SUNDAY 25TH NOVEMBER, 2012 UWI TODAY 15 the business sector as an active and equal partner. e fund has been established to support research in six areas: climate change and environmental issues; crime, violence and citizen security; economic diversication and sector competitiveness; finance and entrepreneurship; public health and nally technology and society. ere can be innovation in all of these areas, and because innovation is always a product of entrepreneurship, I would propose that it should be possible to nd entrepreneurial activity in each of the six areas. ere is growing realization in the developed world that the Universities, especially the research Universities such as we aspire to be, must become entrepreneurial institutions or rather institutions that stimulate and value entrepreneurship. According to the management guru, Peter Drucker, innovation is the specic function of entrepreneurship. e issue is how entrepreneurs create new value from existing resources or create new resources. This will become easier as the information revolution puts the best of it at the disposal of vast numbers of people through the internet and information access becomes more and more democratized. It is said that the English language Wikipedia has four million articles, 2.5 billion words and is 50 times the size of the largest encyclopaedia, Encyclopaedia Britannica. Part of the problem we face in universities is the belief that entrepreneurship relates only to the commercialization of knowledge and somehow this is contrary to the seless pursuit of knowledge for its own sake. is thinking smacks of the ideas of Cardinal N ewman and is not appropriate for the modern academy. Entrepreneurship can be found in all parts of academia and is complementary to the critical thinking that is or should be our norm. us I was pleased to learn that Principal Sankat organized for the rst time this year an entrepreneurship boot-camp in which persons from various disciplines were introduced to the need for this way of thinking about change. I wish to thank the N ational Entrepreneurship Development Co. L td. ( N EDC O ) for supporting this development and hope it becomes a regular feature of Campus life. I also noted the UWI/WIP O Seminar on the management of intellectual property. I hope this kind of thinking will so permeate the University that every student will know the elements of a business plan before graduating. ere is no shortage of new discoveries in our University and no shortage of possibilities for entrepreneurship and innovation. I wonder how many of you know the story of research on peppers yes, peppers, done here. I learnt from an article in UWI Today the excellent campus magazine, entitled Two Trini peppers battle for hottest title. e pepper called the Trinidad Scorpion Butch T pepper captured the title of the hottest pepper in the world in 2011. But a few months ago the Trinidad M oruga Scorpion pepper set a Guinness World record for hotness. It was about seven times hotter than the average chilli pepper. So Trinidad and Tobago has not only the worlds champion javelin thrower, it also has the worlds hottest pepper! It is research done here that has traced the origins of these strains of peppers and is pointing towards developing high-yielding disease-resistant varieties that can aect the world market, which 10 years ago was worth about US$1.76 billion. It will need the other two strands of the helix business and government to ensure that this new knowledge does generate the kind of economic value proposition that benets the Trinidadian pepper growers. I was also pleased to learn that one of this campus outstanding Units, the Cocoa Research Unit, is celebrating its 50th anniversary, although its legacy goes back to 1930 as the Cocoa Research Scheme and it has supported cocoa not only in this country, but globally as well. It is the custodian of the International Cocoa Genebank, the largest and most diverse collection of cocoa in the world. is collection consists of over 2,400 varieties of cocoa and the germplasm and information regarding the varieties are shared with the worlds cocoa producing countries. It supports local, regional and international training and research. I am told that Trinidadian chocolate from local cocoa is among the nest in the world. Research and innovation are the stock in trade of universities and other institutions of higher education and there is frequent debate as to the attitude of e University of the West Indies to the development of other institutions of higher education in the region. I have stated oen that UWI welcomes the growth of higher education in the Caribbean especially indigenous institutions. UWI cannot and must not try to provide all the trained persons needed. I was pleased to see our Vice-Chancellor proposing a profound analysis of tertiary education in the region with a view to rationalizing the varied oerings. In this context I have two main concerns. First, I look to the day when there will be in fact a functioning Caribbean system for accreditation of all such institutions. e second concern is with what is called academic dri, which refers to the tendency to change the focus of institutions particularly concerned with technical and vocational training to becoming institutions that embrace the full range of academic disciplines. I believe that dierentiated educational systems can provide for students with dierent and varied skill sets and aptitudes and offer them a successful life. A Brazilian professor commented to me recently with special reference to his country, of course, that academic diversity is critical for all societies. It oers dierent alternatives for entry into higher education and indeed, favours social mobility. I sincerely hope that our countries resolutely resist the temptation to create and sustain one single category of higher education, but instead pursue the more functional and nationally appropriate diversied system. is is to the benet of the country and the young people it incorporates into its trained workforce. An impressive number of young persons are leaving us for this workforce. ere are 3,643 graduates this year, with one-third coming from the Social Sciences. ere are 2,710 with rst degrees and 933 with higher degrees; 168 of the rst degrees are graduating with rst class honours and 13 with distinction, while 617 of the higher degrees have achieved distinctions. We should congratulate them warmly on this achievement. I think it is impressive that over the past 10 years this campus has graduated 23,560 students with rst degrees. I think our faculty should be congratulated for this. e total enrolment at this campus stands at about 18,000 and these come from 16 Caricom countries and there are 36 other nationalities represented on campus, but nationals of Trinidad and Tobago account for 92% of the students here. I am pleased to note that as in other years, UWI is the preferred place of study for the scholarship winners from Trinidad and Tobago. is year, of the 372 government scholarship winners, 64 % are registered at St Augustine. I am grateful to those institutions, both domestic and international which have made grants to the campus this year. e largest partner has been the European UnionACP Caribbean with grants to the Faculty of Science and Agriculture totalling just under one million Euros. You will be pleased to know that work is proceeding apace on the new South Campus in Penal/Debe and the projected completion date is February 2014. The new Teaching and L earning Complex is scheduled for occupation early next year. Several of our current or former sta received national honours in 2012, these included Dr H amid Ghany, former Dean of Social Science, retired Professors Selwyn Ryan and John la Guerre who received the Chaconia M edal (Gold). It was gratifying to see so many of our sta receiving the NIHERST Awards for Science and Technology and I wish to congratulate them on receiving this recognition for their contribution in their respective elds. L et me now congratulate you young graduands and make a request I make every year to you. I do not wish to put it too strongly, but you have an irrevocable responsibility to this University. ere are some who would wish to deny it, but contribution of the people of the Caribbean and specically those of this country to your education to date is a fact of which you must be cognizant. e principal return I ask of you is that you be good ambassadors for the institution and join those of your alumni who continue to make us proud and certainly make me proud to say that I am a graduate of this institution. Please get to know your alumni organization and please continue to show interest in what is done here. I also wish to thank your parents and loved ones who join with you here in the celebration of this passage. I hope they are pleased with you and share with us of the administration some of the pride we feel at seeing another group of young men and women take up the challenges of a new kind of life. We like to think that they are much better equipped because of the tools they have acquired here.UWI is the preferred place of study for the scholarship winners from Trinidad and Tobago. is year, of the 372 government scholarship winners, 64 % are registered at St Augustine.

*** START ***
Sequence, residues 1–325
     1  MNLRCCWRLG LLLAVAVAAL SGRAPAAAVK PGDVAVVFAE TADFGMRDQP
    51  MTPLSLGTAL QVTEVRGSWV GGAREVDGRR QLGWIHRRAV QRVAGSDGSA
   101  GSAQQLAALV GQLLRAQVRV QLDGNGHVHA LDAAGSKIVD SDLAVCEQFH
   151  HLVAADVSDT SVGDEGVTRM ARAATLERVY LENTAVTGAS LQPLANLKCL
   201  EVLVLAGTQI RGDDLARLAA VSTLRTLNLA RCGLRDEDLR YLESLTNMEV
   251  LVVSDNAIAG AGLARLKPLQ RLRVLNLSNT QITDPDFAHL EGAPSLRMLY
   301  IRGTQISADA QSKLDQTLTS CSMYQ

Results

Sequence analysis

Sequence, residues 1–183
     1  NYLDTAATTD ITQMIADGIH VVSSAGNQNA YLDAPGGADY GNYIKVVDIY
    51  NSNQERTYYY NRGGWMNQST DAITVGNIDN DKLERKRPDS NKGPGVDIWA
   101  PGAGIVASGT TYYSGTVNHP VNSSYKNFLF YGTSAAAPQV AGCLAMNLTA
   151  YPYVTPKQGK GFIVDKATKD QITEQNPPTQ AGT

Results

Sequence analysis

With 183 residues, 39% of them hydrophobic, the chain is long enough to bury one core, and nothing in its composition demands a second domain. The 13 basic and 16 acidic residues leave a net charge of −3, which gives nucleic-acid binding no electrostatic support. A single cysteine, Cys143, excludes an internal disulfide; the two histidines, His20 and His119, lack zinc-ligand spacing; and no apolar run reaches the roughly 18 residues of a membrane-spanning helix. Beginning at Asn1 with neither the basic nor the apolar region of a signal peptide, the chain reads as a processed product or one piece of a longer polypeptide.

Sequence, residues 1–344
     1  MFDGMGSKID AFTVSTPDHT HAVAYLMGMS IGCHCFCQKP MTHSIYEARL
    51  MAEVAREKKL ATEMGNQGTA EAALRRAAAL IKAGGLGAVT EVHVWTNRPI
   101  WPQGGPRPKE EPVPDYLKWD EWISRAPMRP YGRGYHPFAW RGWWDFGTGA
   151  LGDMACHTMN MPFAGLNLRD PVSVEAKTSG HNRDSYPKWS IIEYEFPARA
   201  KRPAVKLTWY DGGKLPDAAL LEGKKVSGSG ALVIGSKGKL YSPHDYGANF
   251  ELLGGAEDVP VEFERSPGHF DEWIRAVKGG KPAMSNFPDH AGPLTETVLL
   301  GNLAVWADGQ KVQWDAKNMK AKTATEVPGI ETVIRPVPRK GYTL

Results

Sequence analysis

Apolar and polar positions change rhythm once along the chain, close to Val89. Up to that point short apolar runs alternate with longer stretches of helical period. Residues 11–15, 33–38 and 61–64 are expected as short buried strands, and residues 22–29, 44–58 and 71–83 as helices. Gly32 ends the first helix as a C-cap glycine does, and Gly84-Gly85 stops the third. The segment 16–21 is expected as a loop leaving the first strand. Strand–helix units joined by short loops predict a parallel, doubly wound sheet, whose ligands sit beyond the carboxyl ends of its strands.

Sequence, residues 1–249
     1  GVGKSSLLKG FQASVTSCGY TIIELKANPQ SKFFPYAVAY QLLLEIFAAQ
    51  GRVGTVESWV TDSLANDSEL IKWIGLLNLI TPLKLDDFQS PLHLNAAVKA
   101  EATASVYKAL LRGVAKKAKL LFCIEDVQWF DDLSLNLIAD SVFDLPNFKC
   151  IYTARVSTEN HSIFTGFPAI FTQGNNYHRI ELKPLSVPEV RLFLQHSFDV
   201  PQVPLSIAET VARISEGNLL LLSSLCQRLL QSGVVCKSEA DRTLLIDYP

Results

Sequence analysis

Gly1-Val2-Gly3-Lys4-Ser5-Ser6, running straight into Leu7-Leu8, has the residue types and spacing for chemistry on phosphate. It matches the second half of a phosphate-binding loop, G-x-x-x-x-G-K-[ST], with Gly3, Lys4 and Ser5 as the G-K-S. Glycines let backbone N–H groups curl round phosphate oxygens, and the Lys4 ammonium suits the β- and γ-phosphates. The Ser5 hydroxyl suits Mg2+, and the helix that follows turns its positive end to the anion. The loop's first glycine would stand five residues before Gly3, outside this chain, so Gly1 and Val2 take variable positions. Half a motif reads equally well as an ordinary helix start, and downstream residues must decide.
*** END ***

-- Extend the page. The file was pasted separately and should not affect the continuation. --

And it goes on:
18 UWI TODAY SUNDAY 25TH NOVEMBER, 2012 ermal performance of a simultaneous charging and discharging packed bed energy storage system AD EYANJU ANTH O NY AD EMOL Ae study is focused on a system which provides an uninterrupted continuous supply of energy in the absence of or availability of solar energy using concrete storage medium. Concrete storage is a regenerative storage concept where the storage module is cyclically passed through by a hot and cold heat transfer uid. A tubular heat exchanger with a dened tube pitch is imbedded in the storage concrete for conducting the heat transfer uid in simultaneous charging and discharging mode. e technology is applicable for solar trough plants, industrial waste heat, poultry brooding and combined heat and power systems.Sign language used in the Caribbean KEREN CU MB ERBA T CHSign languages around the world are not the same. M y thesis is the rst scientic description of a sign language used in the Caribbean. e thesis identied and explained the rules governing Jamaican Sign L anguage (JS L). ese rules include how JS L signs are made, how words behave, and how noun phrases, verb phrases and simple sentences are structured. e thesis validates JS L as a language. Since sign languages in the English-speaking Caribbean are closely related to each other, the thesis can be used to create much needed educational material for deaf education in Jamaica and throughout the Caribbean.e Mitigation of Industrial Disasters in the Caribbean with respect to the rapid growth of the Chemical Industry RO GER DEOSmall island developing states are more vulnerable to the eects of industrial accidents. A soware package was created to simulate and predict the eects of res, explosions and toxic releases on small island states. A number of release scenarios were simulated, and the physical and consequential eects were then analyzed quantitatively and qualitatively. e scenarios were examined further to determine the response times, available response options, magnitude of the physical eects and available mitigation measures. e information generated was useful for the evaluation of risk, planning for future industrial developments and the development of strategies in mitigating possible accidents.e Folie Construct in the works of Francophone Caribbean writer, Gisle Pineau S HAR O N ROS L YN MANSINGHD UBAYW hile politically-charged male writings of the Francophone Caribbean explore slavery, colonization, and departmentalization as a legacy promoting morbidity and collective decadence, a glaring silence shrouds the impact of history on the female identity construction. e distinctive psychoanalytical discourse of Guadeloupian female writer Gisle Pineau, however, plunges readers into the machinations of the deant female psyche that transgresses rigid normative behavioural codes of insular Antillean society. is work (re)denes female sexual deviance, acts of violence, and self-alienation as therapeutic resistance or folie against Antillean male machismo and resignation. e thesis on folie culminates in an aesthetic investigation of Crole poetics and the Pineaulian numerical subtext. UWI GRADUATION CEREMONIES 2012: POSTGRADUATES T he role of cholesterol in A lzheimers Disease; techniques for drying papaya and pumpkin purees; the lovely basil plant; what drives customers knowledge; emotional exhaustion; heavy metals in cocoa, renal dietetics management, depression, H IV / AI DS and many other areas were the subjects of dissertations that were awarded doctoral degrees this year. For the rst time, the St. A ugustine Campus of T he UWI presented 22 doctoral graduates at the 2012 commencement ceremony. With a wide range of research interests that reects the thrust to encourage study in areas that are of critical relevance to development, our new PhDs most of whom are featured here are more reasons to celebrate the regions maturity.